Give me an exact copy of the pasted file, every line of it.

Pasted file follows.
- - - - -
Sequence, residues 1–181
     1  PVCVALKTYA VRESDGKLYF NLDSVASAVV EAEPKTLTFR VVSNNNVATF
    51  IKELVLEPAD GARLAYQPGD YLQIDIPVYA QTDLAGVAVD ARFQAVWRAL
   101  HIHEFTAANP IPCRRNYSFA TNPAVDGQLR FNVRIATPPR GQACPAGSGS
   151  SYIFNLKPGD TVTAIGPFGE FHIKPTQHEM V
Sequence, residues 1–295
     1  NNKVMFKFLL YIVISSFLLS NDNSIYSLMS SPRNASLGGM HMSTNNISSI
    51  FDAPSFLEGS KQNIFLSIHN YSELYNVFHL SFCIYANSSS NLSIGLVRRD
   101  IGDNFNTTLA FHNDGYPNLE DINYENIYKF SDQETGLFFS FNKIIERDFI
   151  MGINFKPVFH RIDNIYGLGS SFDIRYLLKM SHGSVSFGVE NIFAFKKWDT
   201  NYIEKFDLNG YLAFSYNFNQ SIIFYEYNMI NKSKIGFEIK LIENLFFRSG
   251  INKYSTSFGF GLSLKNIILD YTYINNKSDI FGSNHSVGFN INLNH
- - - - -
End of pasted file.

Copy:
Sequence, residues 1–181
     1  PVCVALKTYA VRESDGKLYF NLDSVASAVV EAEPKTLTFR VVSNNNVATF
    51  IKELVLEPAD GARLAYQPGD YLQIDIPVYA QTDLAGVAVD ARFQAVWRAL
   101  HIHEFTAANP IPCRRNYSFA TNPAVDGQLR FNVRIATPPR GQACPAGSGS
   151  SYIFNLKPGD TVTAIGPFGE FHIKPTQHEM V
Sequence, residues 1–295
     1  NNKVMFKFLL YIVISSFLLS NDNSIYSLMS SPRNASLGGM HMSTNNISSI
    51  FDAPSFLEGS KQNIFLSIHN YSELYNVFHL SFCIYANSSS NLSIGLVRRD
   101  IGDNFNTTLA FHNDGYPNLE DINYENIYKF SDQETGLFFS FNKIIERDFI
   151  MGINFKPVFH RIDNIYGLGS SFDIRYLLKM SHGSVSFGVE NIFAFKKWDT
   201  NYIEKFDLNG YLAFSYNFNQ SIIFYEYNMI NKSKIGFEIK LIENLFFRSG
   251  INKYSTSFGF GLSLKNIILD YTYINNKSDI FGSNHSVGFN INLNH